Screenplay Concept


"Once you understand the movie genre, then you have the rules of the world you're writing in."

Writing to a standard film genre helps you as the writer in many ways. For the actual writing of your screenplay it may drive the concept, at least making it simpler to define. Genre can also help outline the story and character archetypes. Genre helps attract a producer, especially when it comes to assessing potential market. Casting is much facilitated: many film stars fit one genre or another (even in the post-John Wayne era). Once in the movie theaters audiences go for genre as much as for stars, and genre gives critics a framework for their commentary.

According to Tim Dirks at, the main film genres are . .

Main film genres . .
  • Action
  • Adventure
  • Comedy
  • Crime/Gangster
  • Drama
  • Epics/Historical
  • Horror
  • Musical/Dance
  • Science Fiction
  • War
  • Western

Maybe he sees romance as something that just gets mixed in. Other major genres include . .

Other major film genres . .
  • Mystery
  • Romance
  • Sport
  • Thriller

Some of these may go by different names--such as 'suspense' for 'thriller' or 'detective' for 'mystery' or 'chick-flick' for 'romance'--but the meaning stays the same.

Sub-Genres and Mixes

Often a film represents a mix of genres. Some argue this is always the case as romance is generally mixed in. Common sub-genres include: action-adventure, action-thriller, romantic-comedy, 'dramedy' (drama+comedy), musical comedy, etc. Even when combining types, the benefits of starting from the perspective of an accepted genre apply.

Examples of mixed-genre films include . .

Examples of films with mixed genres . .
  • DIVA (1982) by Jean-Jacques Beineix
  • BLUE VELVET (1986) by David Lynch
  • SOMETHING WILD (1986) by John Demme
  • RAISING ARIZONA (1987) by Joel Coen
  • THE THIN BLUE LINE (1988) by Errol Morris

How do I select a film genre to write in?

What genre are your favorite movies written in? Go with that one first time out (no need to overly load yourself up with challenges as a nubie). Once you've got your sea legs in writing for film, you may want to branch out--step out of your 'comfort zone' if for not other reason than to grow as a writer.

Consider the type of story you want to tell: to what extent will one genre over another help tell that story? Westerns and science fiction give you a whole world you can use--an 'altered universe'--which allows considerable freedom (especially when telling a morality tale). Perhaps you'd prefer the paint-by- numbers outline promised by other genre choices.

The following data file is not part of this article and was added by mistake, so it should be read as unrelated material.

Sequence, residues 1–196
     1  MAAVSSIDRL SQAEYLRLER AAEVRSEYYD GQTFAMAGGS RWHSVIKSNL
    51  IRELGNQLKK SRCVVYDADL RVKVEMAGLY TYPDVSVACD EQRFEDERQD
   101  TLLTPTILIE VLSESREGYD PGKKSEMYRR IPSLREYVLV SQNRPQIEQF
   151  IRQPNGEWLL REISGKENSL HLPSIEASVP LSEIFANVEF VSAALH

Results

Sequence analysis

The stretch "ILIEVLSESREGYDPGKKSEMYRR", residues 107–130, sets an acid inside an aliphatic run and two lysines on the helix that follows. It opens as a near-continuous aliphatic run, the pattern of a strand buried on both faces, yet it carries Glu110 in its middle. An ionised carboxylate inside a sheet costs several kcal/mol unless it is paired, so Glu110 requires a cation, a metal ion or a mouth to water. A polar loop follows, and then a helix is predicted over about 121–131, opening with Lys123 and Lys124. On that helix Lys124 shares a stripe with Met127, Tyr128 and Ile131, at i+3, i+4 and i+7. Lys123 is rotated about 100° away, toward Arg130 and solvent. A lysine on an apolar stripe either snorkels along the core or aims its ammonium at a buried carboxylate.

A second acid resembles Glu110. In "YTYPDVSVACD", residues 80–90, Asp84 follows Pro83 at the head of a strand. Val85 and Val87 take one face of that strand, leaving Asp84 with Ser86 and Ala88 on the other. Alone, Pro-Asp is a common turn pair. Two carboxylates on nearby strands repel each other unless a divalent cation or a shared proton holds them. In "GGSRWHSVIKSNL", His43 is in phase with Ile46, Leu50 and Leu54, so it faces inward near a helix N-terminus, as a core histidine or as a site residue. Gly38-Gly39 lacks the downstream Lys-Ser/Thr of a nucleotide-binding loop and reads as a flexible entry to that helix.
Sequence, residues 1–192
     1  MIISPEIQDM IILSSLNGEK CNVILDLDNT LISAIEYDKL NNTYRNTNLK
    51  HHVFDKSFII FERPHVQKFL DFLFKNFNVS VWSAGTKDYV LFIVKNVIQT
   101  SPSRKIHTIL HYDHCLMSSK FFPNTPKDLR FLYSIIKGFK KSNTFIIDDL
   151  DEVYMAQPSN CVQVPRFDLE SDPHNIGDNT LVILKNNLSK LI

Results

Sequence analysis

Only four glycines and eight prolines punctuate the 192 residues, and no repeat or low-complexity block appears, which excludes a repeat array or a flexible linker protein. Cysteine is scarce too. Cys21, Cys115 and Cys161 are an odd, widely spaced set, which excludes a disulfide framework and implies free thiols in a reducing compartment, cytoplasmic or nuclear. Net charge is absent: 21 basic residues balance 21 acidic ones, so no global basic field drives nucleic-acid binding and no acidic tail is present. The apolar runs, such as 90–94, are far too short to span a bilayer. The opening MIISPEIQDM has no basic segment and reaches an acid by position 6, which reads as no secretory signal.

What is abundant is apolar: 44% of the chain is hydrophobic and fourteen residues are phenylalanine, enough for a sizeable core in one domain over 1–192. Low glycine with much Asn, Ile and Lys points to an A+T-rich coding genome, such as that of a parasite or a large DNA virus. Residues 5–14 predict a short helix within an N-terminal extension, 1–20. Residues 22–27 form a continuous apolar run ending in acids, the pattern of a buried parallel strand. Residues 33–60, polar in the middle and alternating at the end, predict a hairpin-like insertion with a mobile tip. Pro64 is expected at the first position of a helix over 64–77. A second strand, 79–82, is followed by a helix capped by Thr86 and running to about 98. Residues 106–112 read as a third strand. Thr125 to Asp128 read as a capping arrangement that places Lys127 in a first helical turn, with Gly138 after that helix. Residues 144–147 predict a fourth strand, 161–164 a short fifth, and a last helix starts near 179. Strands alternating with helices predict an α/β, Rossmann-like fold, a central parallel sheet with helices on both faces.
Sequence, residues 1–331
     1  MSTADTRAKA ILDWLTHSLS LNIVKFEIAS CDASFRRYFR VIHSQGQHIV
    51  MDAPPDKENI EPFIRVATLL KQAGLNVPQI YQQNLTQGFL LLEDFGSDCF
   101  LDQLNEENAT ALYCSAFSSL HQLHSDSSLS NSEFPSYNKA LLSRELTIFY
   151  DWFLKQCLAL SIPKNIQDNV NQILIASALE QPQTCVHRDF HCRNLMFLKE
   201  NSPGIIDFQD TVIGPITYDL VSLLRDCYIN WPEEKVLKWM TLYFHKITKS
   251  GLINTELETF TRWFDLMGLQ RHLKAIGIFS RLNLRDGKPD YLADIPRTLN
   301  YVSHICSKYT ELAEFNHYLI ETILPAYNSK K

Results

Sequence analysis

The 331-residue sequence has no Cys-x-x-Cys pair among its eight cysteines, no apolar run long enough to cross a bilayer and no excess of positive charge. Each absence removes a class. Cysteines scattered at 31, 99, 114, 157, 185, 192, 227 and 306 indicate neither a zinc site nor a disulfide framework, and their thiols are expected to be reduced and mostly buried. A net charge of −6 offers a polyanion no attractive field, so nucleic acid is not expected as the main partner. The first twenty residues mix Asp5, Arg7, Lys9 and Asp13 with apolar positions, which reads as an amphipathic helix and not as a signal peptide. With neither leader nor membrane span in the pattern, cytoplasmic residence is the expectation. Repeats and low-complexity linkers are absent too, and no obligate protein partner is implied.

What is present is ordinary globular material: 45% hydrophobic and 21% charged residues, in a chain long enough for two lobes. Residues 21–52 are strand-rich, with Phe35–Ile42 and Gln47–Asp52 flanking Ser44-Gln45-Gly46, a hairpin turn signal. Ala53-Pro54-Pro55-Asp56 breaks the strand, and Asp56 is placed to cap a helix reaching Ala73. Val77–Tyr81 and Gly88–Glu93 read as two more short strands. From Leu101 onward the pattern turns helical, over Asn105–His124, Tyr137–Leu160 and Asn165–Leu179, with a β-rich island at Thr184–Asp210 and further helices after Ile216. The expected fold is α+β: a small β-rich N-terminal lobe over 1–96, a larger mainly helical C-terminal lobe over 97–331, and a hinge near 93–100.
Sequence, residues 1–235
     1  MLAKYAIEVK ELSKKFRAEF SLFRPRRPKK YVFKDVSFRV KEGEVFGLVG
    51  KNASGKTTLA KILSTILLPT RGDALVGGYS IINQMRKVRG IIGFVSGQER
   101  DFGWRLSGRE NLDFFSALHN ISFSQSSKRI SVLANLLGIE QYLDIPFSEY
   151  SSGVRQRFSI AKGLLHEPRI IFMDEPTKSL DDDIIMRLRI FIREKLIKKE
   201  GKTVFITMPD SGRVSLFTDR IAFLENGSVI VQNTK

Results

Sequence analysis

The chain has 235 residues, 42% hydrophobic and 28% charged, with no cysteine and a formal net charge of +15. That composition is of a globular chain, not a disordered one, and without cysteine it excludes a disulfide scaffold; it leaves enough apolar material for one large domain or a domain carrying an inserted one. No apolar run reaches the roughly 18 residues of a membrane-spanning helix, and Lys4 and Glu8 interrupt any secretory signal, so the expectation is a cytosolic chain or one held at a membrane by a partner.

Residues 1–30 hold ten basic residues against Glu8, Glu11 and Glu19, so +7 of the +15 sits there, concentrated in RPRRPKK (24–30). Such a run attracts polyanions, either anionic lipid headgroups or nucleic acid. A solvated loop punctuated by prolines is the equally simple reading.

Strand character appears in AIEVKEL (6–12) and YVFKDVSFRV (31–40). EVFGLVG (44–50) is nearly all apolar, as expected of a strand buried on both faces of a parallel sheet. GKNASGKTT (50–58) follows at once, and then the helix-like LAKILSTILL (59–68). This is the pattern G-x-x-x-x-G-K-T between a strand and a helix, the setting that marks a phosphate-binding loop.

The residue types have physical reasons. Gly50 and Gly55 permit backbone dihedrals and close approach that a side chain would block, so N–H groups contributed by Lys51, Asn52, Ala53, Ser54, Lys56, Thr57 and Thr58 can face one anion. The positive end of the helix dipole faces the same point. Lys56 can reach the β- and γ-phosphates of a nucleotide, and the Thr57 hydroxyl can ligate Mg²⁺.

Your ultimate selection depends largely on the type of person (and writer) you are. Not everybody can (or should) write a film noir or a detective-mystery, for example. Some should simply stick to the character-driven drama.

If you still can't decide, check out some examples of movie genres, and see which ones might match your planned project. Remember that you'll likely be mixing more than one together to hyphenated success.

What are some things to consider when writing to film genres?

Your choice of movie genre for your project drives everything from the concept to the dialogue. Depending on the genre you choose, character archetypes might be clearly outlined; as well how they talk and the things they do. Some genres--film noir and romantic comedies, for example--even come with generally-accepted story structures. And don't forget the 'recurring icons (e.g., six-guns and ten-gallon hats in Westerns)' [Tim Dirks] that can help make your writing both easier and more keyed to genre. The degree to which any of these apply depends upon the actual genre, of course; some have far more established conventions than others.

Play with genre . .

As screenwriter you have the creative power to set the world of film genre on edge, or merely use well-established conventions and 'rules' help you along in your quest for greatness. Many popular films have been made by parodying a given genre; especially, the teen horror flick, or the western. Others take a genre as a starting point before taking it in new directions, thereby redefining the style.

How about setting a western on Mars? Or write a musical war movie, the first melodramatic swashbuckler, a religious martial arts movie. The combinations are limited only by your imagination. But, take care you don't take it too far . .

"More than two genres is a mess."

See also . .

| Getting Help | How to Write a Screenplay | Story Dynamics | Market Your Screenplay | Scr(i)nk blog | Magic Star: Concept | Greatness |

  1. Consider the mix of genres in CROUCHING TIGER, HIDDEN DRAGON (2000). What can you learn about selecting/creating a film genre for your project?
  2. In what way does UNFORGIVEN (1992) play with the western genre? How might it considered an 'un-western'?
  3. What genres are mixed in THE THIN BLUE LINE (1988)? How successful is this mix in helping to make the point?
  4. In what genre would you categorize THE PRINCESS BRIDE (1987)? In what way would this film present a challenge to those promoting it?
  5. In what direction does BUTCH CASSIDY AND THE SUNDANCE KID (1969) take the western? Should it really be called a comedy instead? What impact did it have on the genre?